President Donald Trump “is increasingly relying” on a shadow cabinet of cable news hosts and commentators, particularly at Fox, to advise him, The Washington Post reported last month. Trump’s worldview is shaped by the hours of Fox coverage he watches each day, with the president often responding to segments that catch his eye in near-real-time on Twitter. And he speaks regularly with Fox hosts like Sean Hannity and Lou Dobbs, seeking private counsel on the topics they discuss on their shows every night. These public and private channels of communication allow Trump’s on-screen allies to play a substantial role in making federal policy.
Here are some of the things the president’s Fox advisers would like him to do.
Release the FISA and Bruce Ohr documents
Remember #ReleasetheMemo? Earlier this year, Trump’s congressional and media allies frantically hyped House intelligence committee Chairman Rep. Devin Nunes’ (R-CA) secretly drafted document as a silver bullet that would prove special counsel Robert Mueller’s investigation was illegitimate. The FBI, they claimed, had illegally obtained warrants from the Foreign Intelligence Surveillance Court to surveil former Trump campaign aide Carter Page by concealing the political origins of a dossier included in the evidence provided to the court. When the memo finally came to light after weeks of over-the-top buildup, the result was a calamitous flop for Nunes and his champions: The memo provided little new evidence and acknowledged that the FBI had disclosed the dossier’s origins.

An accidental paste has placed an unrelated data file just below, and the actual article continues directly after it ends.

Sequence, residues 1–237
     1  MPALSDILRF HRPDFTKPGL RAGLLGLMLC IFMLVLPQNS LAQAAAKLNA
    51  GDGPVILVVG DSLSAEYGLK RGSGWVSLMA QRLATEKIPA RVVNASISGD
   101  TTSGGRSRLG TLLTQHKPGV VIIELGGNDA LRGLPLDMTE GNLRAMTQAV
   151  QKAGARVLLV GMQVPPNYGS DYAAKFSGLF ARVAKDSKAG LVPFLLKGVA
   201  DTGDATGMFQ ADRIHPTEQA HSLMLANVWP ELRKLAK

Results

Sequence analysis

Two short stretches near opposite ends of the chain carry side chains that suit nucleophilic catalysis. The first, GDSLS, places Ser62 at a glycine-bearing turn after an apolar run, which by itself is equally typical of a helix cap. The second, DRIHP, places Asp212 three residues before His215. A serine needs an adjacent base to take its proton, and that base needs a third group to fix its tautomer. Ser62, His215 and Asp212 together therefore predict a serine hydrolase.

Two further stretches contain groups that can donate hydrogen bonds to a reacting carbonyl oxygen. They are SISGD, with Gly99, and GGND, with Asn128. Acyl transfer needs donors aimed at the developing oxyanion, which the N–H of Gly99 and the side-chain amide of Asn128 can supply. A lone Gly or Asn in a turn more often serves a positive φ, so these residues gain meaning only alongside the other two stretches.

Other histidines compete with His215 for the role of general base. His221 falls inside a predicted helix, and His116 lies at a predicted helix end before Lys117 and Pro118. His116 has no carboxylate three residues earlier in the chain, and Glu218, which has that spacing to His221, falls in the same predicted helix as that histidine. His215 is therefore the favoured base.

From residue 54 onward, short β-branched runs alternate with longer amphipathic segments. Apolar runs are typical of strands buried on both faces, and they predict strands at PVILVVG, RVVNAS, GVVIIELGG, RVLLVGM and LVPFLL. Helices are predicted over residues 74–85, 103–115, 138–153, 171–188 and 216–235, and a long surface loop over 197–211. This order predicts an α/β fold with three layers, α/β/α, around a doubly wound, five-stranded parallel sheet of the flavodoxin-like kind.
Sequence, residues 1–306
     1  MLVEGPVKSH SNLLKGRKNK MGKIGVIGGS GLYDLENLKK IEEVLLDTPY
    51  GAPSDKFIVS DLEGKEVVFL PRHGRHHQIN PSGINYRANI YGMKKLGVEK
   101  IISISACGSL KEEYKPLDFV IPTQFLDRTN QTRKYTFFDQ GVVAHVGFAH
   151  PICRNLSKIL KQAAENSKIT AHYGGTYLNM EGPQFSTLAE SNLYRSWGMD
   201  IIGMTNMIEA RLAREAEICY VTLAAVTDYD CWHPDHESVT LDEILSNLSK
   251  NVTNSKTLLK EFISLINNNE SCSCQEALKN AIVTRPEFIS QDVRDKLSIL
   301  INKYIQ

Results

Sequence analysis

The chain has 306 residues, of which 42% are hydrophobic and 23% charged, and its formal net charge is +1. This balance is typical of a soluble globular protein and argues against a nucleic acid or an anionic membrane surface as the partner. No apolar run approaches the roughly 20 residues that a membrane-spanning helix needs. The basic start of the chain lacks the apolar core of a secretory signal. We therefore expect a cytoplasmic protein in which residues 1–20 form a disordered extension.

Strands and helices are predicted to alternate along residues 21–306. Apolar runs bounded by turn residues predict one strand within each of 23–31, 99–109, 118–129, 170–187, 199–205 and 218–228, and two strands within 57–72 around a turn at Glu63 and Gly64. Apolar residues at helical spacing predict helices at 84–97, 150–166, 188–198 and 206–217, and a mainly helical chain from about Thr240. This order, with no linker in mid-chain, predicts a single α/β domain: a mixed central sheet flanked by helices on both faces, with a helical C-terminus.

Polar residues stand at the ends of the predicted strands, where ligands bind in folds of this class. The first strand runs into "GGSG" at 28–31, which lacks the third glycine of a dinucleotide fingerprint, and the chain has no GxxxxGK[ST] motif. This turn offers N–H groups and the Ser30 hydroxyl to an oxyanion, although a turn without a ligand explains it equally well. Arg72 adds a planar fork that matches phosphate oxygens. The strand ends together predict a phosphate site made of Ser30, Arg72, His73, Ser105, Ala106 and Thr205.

Get ready for more of the same.
This time, Trump’s most loyal congressional and media allies are calling for Trump to declassify and release unredacted pages from the Page warrant. They're also calling for the release of documents related to Justice Department official Bruce Ohr’s purported role as a “middle man” between the DOJ, British former intelligence officer Christopher Steele (who compiled the document), and Fusion GPS, the research firm that employed both Steele and Ohr’s wife, Nellie.
Ohr and the FISA documents were among last week’s biggest stories on the Fox programs most invested in undermining the Mueller probe. Sean Hannity and Lou Dobbs gave each story major play every day after Monday’s holiday, with their audiences hearing hysterical claims that the document releases would prove “one of the biggest scandals in America political history, the biggest abuse of power” and “exculpate the president and incriminate the people at the Department of Justice and the FBI.”
Some of the commentary was directed at the president, who regularly tunes into these programs:
This campaign apparently succeeded, with the president reportedly planning to declassify the documents as soon as this week.
As with the Nunes memo, Trump’s supporters are trying to create a spectacle in order to divert media attention away from the damning results of the Mueller investigation, give his base something to shout about, confuse the public, and lay the groundwork for Trump to hamstring the probe.